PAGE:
|Proper title page||Complete Signature page||Abstract|
For details on the submission process, proceed to the other tabs on this page. Please choose Thesis/Dissertation or Capstone/Project as appropriate. You may also find the Thesis Submission Checklist below useful as you work to complete your submission.
INSTITUTE POLICY STATES THAT YOU MUST SUBMIT AN ELECTRONIC VERSION OF YOUR THESIS/DISSERTATION TO PROQUEST.
Once you receive final approval from your committee, you are REQUIRED to do the following:
You have the option of binding one or more print copies for personal use. Additionally, certain departments may require print copies for their departmental records. If you are binding print copies, please follow these instructions:
1. Print all necessary copies needed for binding.
a. If you have supplemental material on a CD-ROM, DVD, etc., burn copies for each print copy needed. Make sure your name, title, and the year are on each CD-ROM.
2. You MUST pre-order bound copies. Fill out your information and make your payments. You will receive an e-mail confirmation and the Thesis Binding staff will be notified of your order.
a. Please consult this chart for details on the costs of bound copies.
b. Check with your department to see if they pay for their own copies. The department will submit their own payment by also filling out an order form.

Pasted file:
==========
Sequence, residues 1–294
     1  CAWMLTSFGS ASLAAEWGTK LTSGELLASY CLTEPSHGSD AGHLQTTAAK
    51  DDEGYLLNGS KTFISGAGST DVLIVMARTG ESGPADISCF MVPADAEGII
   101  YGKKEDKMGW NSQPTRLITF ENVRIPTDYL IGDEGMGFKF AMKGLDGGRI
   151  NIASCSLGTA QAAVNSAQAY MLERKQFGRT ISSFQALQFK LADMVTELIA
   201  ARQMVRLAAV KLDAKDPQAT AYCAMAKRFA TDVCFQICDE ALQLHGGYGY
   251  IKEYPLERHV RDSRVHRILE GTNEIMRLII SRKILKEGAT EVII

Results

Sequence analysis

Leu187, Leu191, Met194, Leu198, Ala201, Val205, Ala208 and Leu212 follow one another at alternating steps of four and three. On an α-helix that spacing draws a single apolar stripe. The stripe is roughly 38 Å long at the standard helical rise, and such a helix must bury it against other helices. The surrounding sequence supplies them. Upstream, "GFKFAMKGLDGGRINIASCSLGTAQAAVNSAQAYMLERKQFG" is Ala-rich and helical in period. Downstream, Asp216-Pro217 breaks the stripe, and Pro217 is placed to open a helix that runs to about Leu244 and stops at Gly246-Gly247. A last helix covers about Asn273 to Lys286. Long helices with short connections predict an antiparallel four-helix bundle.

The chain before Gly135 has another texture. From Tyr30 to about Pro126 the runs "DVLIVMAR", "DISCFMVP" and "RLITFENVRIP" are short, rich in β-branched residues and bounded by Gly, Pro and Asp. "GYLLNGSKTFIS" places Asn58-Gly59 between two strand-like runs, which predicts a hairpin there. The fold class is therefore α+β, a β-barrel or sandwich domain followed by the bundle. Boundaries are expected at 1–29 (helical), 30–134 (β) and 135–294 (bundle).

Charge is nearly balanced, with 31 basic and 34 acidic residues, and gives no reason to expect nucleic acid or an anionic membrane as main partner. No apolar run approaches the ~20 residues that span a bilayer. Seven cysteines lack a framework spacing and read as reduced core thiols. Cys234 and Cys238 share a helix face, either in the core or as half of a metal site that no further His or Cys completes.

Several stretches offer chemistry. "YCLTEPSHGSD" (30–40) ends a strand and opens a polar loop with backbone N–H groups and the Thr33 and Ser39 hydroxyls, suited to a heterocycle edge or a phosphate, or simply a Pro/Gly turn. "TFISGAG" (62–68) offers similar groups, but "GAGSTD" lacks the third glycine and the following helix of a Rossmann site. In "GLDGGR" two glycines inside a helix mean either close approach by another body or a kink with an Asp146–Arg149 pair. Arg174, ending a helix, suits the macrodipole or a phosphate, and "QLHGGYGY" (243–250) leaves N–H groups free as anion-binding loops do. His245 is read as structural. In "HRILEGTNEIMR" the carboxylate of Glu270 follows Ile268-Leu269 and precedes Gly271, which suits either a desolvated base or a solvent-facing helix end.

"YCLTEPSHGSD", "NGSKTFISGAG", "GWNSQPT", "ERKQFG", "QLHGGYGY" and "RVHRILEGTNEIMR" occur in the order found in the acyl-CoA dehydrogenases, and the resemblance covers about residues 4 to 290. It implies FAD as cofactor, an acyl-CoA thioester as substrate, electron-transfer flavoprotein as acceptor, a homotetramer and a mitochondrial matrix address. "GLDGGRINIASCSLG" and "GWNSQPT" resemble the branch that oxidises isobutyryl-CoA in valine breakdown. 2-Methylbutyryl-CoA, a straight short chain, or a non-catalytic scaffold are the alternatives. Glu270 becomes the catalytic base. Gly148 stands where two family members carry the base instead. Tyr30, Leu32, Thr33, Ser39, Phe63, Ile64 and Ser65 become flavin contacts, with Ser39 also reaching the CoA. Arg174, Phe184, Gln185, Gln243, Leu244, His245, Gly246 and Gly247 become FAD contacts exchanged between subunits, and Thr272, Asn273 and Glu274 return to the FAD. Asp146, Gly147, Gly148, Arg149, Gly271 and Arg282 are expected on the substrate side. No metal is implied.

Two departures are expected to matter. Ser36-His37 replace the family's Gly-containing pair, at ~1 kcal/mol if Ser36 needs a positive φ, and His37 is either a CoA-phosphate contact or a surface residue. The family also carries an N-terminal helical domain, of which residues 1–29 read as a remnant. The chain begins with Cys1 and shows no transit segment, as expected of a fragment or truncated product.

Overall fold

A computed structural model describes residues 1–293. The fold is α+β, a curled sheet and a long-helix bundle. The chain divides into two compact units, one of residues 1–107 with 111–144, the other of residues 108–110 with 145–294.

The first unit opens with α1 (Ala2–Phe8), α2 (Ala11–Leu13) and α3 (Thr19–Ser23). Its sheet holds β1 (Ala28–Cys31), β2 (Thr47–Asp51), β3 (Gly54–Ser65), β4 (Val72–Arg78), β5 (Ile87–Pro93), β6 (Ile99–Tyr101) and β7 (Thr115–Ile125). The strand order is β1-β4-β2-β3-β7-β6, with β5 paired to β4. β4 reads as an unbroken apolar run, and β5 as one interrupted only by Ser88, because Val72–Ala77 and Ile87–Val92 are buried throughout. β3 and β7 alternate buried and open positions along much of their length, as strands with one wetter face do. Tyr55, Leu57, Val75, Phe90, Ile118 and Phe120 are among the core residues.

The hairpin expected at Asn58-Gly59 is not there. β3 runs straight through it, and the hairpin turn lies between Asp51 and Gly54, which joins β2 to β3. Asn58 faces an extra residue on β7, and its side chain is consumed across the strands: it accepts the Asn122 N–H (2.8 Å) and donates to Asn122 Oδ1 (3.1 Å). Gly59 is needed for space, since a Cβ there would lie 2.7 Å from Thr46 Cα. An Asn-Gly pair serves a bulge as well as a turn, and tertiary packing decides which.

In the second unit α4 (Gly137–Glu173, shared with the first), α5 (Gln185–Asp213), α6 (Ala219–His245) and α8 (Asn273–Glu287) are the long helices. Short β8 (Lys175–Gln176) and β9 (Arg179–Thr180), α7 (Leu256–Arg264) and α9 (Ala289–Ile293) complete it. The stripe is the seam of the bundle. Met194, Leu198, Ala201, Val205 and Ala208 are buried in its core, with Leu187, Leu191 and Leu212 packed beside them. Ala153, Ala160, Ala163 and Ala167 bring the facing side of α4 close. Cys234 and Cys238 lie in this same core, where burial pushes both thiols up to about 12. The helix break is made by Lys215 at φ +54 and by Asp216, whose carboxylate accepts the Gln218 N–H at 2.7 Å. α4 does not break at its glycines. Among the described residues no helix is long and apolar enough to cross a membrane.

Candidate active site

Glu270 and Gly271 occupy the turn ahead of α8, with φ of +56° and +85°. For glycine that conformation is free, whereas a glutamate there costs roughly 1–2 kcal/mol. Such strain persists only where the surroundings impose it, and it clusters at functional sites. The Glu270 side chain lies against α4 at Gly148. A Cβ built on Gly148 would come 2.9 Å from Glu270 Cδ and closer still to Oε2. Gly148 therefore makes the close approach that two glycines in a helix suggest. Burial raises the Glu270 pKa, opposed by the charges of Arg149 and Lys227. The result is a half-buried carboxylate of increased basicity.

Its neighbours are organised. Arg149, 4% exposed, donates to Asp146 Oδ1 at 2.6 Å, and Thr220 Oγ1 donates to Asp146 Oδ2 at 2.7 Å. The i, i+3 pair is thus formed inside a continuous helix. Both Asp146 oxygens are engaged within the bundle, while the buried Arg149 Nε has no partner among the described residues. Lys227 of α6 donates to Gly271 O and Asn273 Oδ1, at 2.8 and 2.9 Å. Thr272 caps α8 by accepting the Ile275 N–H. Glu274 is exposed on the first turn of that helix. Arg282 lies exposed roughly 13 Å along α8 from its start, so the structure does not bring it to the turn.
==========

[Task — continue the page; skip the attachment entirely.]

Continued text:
a. All copies MUST be printed PRIOR to your appointment. Unprepared theses/dissertations will NOT be accepted.
Graduate capstones and projects are not submitted to ProQuest.
However, you are encouraged to submit your work to RIT Scholar Works. This is an open access digital library where your work will be preserved and made available globally.
Once you receive final approval from your committee, submit your project to RIT Scholar Works:
SPECIAL NOTE for students at RIT's Global Campuses
Thesis/Dissertation Binding FAQ
Commonly asked questions and their answers concerning the steps to be taken after the successful completion of your Master’s thesis or doctoral dissertation are listed below.
Why do I need to provide an abstract of my work?
An abstract provides those reading your work with a brief overview of your research topic, findings and conclusions. This is a standard practice in academia, and mandated for publishing in scholarly journals and conference proceedings. RIT requires that you follow this practice.
Why can’t I single-space my text, and why can’t I print my work on both sides of the page?
Standard scholarly publishing practices require 1.5 or double-spacing of text and the use of only one side of a page in order to accommodate peer review and editing processes, and for ease in reproducing the text.
Submission to RIT Scholar Works